- CBD has grabbed the zeitgeist by the throat in 2019, i
- It’s a totally legal derivative of the cannabis plant that, no – won’t get you high.
- The global market for CBD laced products is set to stand at $22 billion by 2022.
- Mona Jones, 25, started using the oil to help soothe her frequent panic attacks and credits CBD oil with giving her a handle on her mental health issues.
Taking CBD Oil for anxiety: how it worked for me
‘I was four years old and at school when I had my first panic attack. They kept happening, but nobody ever really offered me advice on how to deal with it. I’d just be taken out of school and left in library until I calmed down.
As I got older, my anxiety became progressively worse. I struggled with all sorts of issues as a teenager, including anorexia, and I started taking anti-depressants.
Soon after, I started putting on weight, and I thought my drugs could be to blame. Every doctor I spoke to said that weight gain wasn’t a side effect, but it was reason enough for me to start looking into alternative ways of managing my depression.
It took me a while to find out about CBD oil because it wasn’t as big as it is now. This was two or three years ago, and it was quite a controversial topic. People weren’t really sure whether it was legal or not, and it wasn’t really available in the shops. But by this point, I was desperate.
I was having panic attacks every week, usually triggered by social situations. Even a trip to a local café with my sister would trigger one, and I’d have to shut myself in the toilets until I calmed down.
I was in my third year of uni, and I should have been having the time of my life. But it was easier to stop doing things altogether.
Finding out more about CBD
The more I read about CBD, the more intrigued I became. People on Reddit were saying that CBD had helped them, to the point where it was being talked about like a miracle cure. It was all anecdotal though.
I studied experimental psychology at uni, so I went onto Google Scholar to see if there had been any studies on CBD, and there had. I ordered a bottle of CBD oil made by a brand called Jacob Hooy on Amazon that day, and I started taking it – a few drops under the tongue.
Trying CBD for the first time
The effect was instantaneous. I describe my anxiety as like having 10 voices in my head telling me different things. Within two minutes of taking the CBD oil, those voices switched off. I remember sitting in my garden listening to music and being able to focus on it without being distracting by anything else. It was amazing. After that I started taking every day.
CBD oil benefits
CBD has helped me get my life back. It’s given me the chance to go and do the things that I stopped doing. I’ve also become better at managing my own anxiety in terms of the demands I put on myself – I no longer force myself to do situations that will make me really anxious.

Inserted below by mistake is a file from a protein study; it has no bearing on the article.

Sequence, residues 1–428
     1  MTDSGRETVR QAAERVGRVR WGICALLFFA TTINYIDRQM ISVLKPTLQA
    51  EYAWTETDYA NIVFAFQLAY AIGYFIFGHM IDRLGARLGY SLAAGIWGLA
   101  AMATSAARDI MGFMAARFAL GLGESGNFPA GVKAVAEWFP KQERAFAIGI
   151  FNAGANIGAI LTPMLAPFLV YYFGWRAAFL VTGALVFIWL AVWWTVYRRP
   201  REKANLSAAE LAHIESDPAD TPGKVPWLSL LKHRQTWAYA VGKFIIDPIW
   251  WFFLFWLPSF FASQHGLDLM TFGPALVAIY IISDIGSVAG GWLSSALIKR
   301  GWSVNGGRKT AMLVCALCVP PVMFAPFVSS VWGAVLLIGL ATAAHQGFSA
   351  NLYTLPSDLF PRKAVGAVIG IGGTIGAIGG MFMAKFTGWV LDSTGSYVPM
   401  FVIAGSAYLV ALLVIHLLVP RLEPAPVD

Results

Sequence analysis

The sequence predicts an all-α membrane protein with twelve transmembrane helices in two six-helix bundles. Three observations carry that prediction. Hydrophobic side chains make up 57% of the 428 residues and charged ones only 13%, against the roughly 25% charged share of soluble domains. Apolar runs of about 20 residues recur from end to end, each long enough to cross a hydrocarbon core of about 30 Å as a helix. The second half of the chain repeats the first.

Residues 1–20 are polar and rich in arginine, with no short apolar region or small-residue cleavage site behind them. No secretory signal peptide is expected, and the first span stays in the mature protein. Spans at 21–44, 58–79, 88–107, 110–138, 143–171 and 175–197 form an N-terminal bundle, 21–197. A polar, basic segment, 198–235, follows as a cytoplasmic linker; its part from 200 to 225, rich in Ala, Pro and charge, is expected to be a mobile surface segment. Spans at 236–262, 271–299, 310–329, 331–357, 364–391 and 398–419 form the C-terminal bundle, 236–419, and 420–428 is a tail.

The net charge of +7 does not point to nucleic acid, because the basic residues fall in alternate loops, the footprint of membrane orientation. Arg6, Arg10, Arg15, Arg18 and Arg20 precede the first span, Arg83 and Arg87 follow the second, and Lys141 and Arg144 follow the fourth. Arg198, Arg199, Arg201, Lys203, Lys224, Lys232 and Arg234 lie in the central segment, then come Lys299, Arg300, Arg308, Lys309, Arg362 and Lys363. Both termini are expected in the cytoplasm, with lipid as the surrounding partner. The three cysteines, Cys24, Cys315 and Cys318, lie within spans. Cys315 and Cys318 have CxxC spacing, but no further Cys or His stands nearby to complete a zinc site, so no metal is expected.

But I also know that if I do have to do something anxiety-inducing, like a talk as part of my job, then I have something that will help me.
There are so many misconceptions around CBD still. Sometimes when I tell people I take it I get a bit of a smirk, like ‘Whey, weed!’. And when I told my mother-in-law, she said: ‘but what if the police find it in your bag?’ The reality is, it’s a coping mechanism.
That said, I’m open-minded to the fact that it could be a placebo. When I first starting taking it, the change was so dramatic that I thought it had to be working. I felt that way for six months or so until I started reading articles suggesting that it could be a placebo.
Now I’d say I’m open-minded, but equally, it doesn’t bother me either way. I’ve found something that helps me. Whether it’s having an effect on the chemical imbalance in my brain or just giving me a promise that I’ll feel better, it’s enough.’
CBD oil for anxiety: what does an expert think?
Dr Saoirse O’Sullivan, Associate Professor in the faculty of Medicine and Health Sciences at the University of Nottingham, explains how CBD works in the body.
‘There’s about 20 different molecular targets for CBD in the body. Some of those targets are beneficial for pain, others for inflammation. One of the main targets is the serotonin receptor, which is largely responsible for things like reducing anxiety. People ask me how one drug can do so many things.
But unlike some medicines – which only act at one site – CBD has many different targets. The fact that CBD is anti-inflammatory explains why it is beneficial in such a range of different conditions (like inflammatory bowel disease, arthritis, neuroinflammation and in treating skin conditions) where inflammation is part of the problem of the condition’.
Dr Hazel Wallace previously investigated CBD oil for WH. In it, she offered her thoughts on the state of the current research. Here’s what she said
‘In addition to its use in the treatment of epilepsy, there is a range of conditions for which CBD has shown some benefit – although the data is limited. This includes; brain-related disorders such as Alzheimer’s and Parkinson’s disease, Multiple Sclerosis (MS), pain, anxiety, cancer, depression and inflammatory diseases, including rheumatoid arthritis and inflammatory bowel disease.
Many people also choose to take CBD for disease prevention or health promotion on the basis that it has potential antioxidant and anti-inflammatory properties and neuro-protective effects.
Yet, while the science is interesting and the potential use of CBD for the treatment of debilitating diseases is exciting, we need to take a couple of things into consideration when weighing up the risks and benefits.
Many of these CBD studies are either done on rats, or on a small group of people who have a specific medical condition (which is very different to taking the same substance just to get the proposed benefits) and, as the trials are very short, we don’t know the long-term effects of these substances.’